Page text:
In the previous post, we identified two parcels of land, totaling about 96 acres, that were purchased by Michael Myers. This land was on the wagon road from Frederick to Creagerstown, in the vicinity of Hunting Creek, within one mile of its confluence with the Monocacy River. Yesterday, I revised the previous post to reflect my more accurate understanding of the location of Hunting Creek. While the name does not show up on most lists of Maryland place names, it is indicated on USGS official topographic maps. If this is of importance to you, please reread that post,as revised.
Michael Myers continued to purchase land in the Hunting Creek area. He must have been a pretty successful blacksmith/wagon builder. When he purchased the first parcel in Lisbon, he paid about 9-1/2 pounds. Two years later he paid 470 pounds for the adjacent 94 acres. If I am not mistaken, 470 pounds was a lot of money in 1795, especially for a blacksmith. Perhaps there was dowry money?
In 1796, Michael bought about 12 acres on Little Hunting Creek, a tributary that empties into Hunting Creek about three miles from the mouth. Further research shows that this land was actually on the main branch of Hunting Creek, very near his parcels at Lisbon. More significantly, on 26 May 1797, he purchased a 12-acre portion of “Hampton Plain,” a tract that lies on the west bank of the Monocacy, at the mouth of Hunting Creek.
Aha! Now we have a precise location for at least one piece of Michael’s land. Mike Pierce, a Maryland land specialist who has been helping me through “Random Acts of Genealogical Kindness,” looked up a topographic map from 1911 at mytopo.com; here is a close-up of the mouth of Hunting Creek:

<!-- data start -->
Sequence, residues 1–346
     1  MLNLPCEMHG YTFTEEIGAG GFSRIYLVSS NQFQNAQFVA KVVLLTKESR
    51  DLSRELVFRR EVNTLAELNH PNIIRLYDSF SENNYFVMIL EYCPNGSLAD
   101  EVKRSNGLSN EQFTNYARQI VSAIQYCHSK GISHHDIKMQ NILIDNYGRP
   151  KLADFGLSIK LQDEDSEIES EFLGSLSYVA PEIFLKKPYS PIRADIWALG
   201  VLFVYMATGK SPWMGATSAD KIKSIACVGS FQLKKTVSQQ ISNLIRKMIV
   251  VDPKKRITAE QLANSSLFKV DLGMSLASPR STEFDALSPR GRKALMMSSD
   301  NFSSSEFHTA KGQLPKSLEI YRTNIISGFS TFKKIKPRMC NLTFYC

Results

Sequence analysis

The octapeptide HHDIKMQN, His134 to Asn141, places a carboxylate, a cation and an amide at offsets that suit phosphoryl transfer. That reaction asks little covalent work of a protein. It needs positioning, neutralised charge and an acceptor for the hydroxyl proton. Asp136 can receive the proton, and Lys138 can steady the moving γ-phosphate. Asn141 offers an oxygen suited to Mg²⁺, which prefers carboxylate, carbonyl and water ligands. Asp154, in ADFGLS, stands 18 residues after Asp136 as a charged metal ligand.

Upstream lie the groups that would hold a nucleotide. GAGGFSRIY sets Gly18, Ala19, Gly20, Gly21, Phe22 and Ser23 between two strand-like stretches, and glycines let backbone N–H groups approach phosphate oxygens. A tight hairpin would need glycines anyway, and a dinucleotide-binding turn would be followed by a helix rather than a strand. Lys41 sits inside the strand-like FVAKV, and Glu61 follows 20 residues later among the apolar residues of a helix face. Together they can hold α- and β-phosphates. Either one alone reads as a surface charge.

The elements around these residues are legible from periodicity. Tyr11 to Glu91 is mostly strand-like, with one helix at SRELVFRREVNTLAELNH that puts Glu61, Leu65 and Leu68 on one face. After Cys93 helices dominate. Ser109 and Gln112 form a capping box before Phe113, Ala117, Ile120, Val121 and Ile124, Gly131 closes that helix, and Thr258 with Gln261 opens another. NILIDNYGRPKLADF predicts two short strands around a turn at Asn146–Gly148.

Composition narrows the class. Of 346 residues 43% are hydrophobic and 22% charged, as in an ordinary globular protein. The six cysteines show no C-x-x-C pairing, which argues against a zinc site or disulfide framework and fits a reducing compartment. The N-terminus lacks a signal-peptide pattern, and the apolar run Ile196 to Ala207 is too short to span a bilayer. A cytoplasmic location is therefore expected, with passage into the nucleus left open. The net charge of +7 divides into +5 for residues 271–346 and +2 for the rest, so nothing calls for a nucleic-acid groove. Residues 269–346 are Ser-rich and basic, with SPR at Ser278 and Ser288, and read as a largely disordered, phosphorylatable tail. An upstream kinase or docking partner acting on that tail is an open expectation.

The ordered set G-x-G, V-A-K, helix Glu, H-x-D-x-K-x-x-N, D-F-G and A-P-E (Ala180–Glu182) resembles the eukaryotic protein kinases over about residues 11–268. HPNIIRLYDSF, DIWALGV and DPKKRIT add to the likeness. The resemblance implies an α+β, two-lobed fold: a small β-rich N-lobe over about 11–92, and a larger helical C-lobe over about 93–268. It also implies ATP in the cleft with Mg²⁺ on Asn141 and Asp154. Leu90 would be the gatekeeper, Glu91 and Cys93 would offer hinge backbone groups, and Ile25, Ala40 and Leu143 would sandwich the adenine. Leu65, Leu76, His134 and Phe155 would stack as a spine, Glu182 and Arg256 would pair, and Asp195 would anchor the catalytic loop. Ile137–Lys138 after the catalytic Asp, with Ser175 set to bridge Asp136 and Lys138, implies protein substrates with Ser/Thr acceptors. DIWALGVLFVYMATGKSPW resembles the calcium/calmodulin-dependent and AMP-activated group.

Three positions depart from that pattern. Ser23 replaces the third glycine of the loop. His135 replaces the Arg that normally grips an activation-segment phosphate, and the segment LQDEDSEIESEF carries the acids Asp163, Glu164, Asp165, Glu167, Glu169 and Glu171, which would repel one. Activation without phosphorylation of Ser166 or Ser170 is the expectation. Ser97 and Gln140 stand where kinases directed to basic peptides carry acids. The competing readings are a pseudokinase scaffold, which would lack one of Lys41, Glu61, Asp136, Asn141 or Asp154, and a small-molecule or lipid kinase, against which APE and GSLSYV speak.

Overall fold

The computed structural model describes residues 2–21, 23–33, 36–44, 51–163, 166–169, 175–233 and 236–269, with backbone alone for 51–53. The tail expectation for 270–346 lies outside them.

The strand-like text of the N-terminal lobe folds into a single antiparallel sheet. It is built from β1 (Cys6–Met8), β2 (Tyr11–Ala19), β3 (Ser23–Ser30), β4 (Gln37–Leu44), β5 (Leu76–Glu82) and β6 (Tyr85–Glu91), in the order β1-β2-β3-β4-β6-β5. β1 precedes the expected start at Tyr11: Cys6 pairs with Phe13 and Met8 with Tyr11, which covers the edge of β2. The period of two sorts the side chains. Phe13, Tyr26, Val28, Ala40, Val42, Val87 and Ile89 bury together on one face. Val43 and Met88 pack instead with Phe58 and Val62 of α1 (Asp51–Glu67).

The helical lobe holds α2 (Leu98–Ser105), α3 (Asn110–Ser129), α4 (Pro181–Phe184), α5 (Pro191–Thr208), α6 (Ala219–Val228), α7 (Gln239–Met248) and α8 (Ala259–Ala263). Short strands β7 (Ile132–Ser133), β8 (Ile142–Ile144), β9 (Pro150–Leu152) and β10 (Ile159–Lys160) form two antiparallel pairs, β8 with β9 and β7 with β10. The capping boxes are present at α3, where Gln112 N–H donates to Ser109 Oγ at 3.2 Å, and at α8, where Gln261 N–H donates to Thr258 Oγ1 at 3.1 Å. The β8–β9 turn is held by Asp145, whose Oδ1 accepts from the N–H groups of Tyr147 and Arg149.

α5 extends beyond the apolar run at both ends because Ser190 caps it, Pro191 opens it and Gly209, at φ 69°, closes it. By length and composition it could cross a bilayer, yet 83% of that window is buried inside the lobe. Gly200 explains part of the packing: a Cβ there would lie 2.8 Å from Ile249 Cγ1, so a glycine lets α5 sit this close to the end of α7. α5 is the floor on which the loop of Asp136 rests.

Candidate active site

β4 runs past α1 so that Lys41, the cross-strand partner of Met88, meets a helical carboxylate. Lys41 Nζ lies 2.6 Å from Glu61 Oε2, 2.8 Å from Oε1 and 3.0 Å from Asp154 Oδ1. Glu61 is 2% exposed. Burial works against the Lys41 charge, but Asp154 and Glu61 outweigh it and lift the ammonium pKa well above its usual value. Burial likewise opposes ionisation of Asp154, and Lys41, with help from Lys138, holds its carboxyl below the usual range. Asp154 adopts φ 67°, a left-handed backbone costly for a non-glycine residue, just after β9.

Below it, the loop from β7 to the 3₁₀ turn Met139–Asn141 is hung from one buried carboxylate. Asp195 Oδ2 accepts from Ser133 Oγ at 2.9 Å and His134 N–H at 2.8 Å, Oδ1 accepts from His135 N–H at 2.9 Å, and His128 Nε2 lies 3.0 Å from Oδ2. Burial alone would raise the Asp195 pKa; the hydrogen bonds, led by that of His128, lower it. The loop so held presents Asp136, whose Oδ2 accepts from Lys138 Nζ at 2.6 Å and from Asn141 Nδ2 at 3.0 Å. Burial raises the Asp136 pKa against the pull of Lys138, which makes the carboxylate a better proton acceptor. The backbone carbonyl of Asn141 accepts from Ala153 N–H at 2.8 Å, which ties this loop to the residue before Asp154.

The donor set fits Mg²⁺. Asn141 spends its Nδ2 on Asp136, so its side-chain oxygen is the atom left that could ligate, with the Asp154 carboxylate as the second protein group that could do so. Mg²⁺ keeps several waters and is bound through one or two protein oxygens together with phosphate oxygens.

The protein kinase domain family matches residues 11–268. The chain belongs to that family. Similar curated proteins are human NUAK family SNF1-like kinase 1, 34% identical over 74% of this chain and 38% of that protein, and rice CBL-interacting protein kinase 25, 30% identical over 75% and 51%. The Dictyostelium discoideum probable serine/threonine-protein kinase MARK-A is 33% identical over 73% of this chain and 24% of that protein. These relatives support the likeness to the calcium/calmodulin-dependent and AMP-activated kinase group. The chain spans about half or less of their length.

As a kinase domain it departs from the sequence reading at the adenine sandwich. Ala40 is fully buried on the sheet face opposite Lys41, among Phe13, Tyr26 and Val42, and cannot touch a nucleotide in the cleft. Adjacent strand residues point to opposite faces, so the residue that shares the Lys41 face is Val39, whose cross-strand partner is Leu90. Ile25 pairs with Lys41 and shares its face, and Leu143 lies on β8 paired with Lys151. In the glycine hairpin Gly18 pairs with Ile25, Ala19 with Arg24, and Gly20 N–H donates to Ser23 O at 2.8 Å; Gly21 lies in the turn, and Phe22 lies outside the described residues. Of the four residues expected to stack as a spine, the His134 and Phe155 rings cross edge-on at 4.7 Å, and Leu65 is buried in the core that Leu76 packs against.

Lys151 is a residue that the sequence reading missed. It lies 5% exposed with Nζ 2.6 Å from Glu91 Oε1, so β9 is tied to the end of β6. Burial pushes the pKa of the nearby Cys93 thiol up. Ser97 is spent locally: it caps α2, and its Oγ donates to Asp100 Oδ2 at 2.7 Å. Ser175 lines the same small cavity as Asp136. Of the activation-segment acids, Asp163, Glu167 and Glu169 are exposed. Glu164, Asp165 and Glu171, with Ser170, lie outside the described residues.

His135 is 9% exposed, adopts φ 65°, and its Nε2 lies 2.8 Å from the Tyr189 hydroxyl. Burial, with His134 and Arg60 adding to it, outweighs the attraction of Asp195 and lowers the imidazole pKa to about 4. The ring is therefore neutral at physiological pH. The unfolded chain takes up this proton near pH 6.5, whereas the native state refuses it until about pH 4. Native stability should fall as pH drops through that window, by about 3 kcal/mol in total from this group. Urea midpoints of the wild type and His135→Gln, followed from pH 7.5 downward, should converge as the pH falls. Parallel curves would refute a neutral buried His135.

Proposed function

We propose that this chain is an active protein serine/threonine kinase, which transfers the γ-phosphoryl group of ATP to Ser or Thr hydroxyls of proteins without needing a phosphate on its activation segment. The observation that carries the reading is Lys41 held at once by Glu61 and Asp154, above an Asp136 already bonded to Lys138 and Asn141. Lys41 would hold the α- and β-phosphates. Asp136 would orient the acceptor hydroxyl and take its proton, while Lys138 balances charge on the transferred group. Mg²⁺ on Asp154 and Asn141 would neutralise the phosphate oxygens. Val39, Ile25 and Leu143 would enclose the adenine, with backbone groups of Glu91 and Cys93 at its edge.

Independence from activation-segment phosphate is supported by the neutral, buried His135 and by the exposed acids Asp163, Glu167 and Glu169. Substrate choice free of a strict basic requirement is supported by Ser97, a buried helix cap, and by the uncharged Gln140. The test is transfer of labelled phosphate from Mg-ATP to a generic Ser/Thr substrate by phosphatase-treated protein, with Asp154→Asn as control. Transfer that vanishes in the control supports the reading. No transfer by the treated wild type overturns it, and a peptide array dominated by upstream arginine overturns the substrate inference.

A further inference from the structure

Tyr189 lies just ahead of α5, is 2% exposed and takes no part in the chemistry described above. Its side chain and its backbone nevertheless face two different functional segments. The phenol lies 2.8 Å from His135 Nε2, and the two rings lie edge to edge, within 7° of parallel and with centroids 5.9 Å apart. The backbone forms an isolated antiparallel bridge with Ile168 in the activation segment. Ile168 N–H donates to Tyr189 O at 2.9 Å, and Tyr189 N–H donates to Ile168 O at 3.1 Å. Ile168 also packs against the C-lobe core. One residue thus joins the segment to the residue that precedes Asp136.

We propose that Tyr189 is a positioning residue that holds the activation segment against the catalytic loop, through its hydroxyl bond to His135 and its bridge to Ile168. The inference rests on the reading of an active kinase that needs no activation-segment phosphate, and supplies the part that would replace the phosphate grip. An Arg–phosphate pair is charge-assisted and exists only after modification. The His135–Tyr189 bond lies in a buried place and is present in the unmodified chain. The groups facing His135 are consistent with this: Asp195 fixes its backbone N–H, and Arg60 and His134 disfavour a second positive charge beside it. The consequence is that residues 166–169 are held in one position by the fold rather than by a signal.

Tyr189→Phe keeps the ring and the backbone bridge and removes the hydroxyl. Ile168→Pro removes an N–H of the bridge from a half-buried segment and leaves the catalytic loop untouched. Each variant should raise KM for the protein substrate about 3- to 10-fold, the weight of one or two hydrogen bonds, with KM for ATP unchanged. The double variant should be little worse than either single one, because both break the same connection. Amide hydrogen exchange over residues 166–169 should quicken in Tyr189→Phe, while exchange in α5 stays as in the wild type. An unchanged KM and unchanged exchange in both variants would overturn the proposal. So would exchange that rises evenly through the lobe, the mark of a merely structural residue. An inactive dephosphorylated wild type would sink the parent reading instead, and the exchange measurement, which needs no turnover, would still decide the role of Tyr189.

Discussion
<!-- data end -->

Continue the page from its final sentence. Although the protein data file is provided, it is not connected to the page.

Eureka! Just yards from the stream’s mouth is a river crossing named “Myers Ford,” a name that had stuck for at least a century after Michael Myers lived there. It makes sense that a wagon maker would set up shop near a river ford, where wagons would be vulnerable to damage. Perhaps Michael even took part in maintaining the crossing, which may have been a formidable job. I may be able to connect this thread later. As icing on the cake, there is also “Shyrocks Mill,” obviously a variant spelling on the surname of the individual from whom Michael bought those first two parcels, Christian Shriock.
A repeated caution, there is no strong indication yet whether or not this is the same Michael Myers who briefly owned a lot in nearby Woodsberry, nor whether either one of them is my 4th great grand-uncle. More work is ahead. Next: Problems for Henry Myers in Woodsberry– Michael to the rescue.
Happy New Year!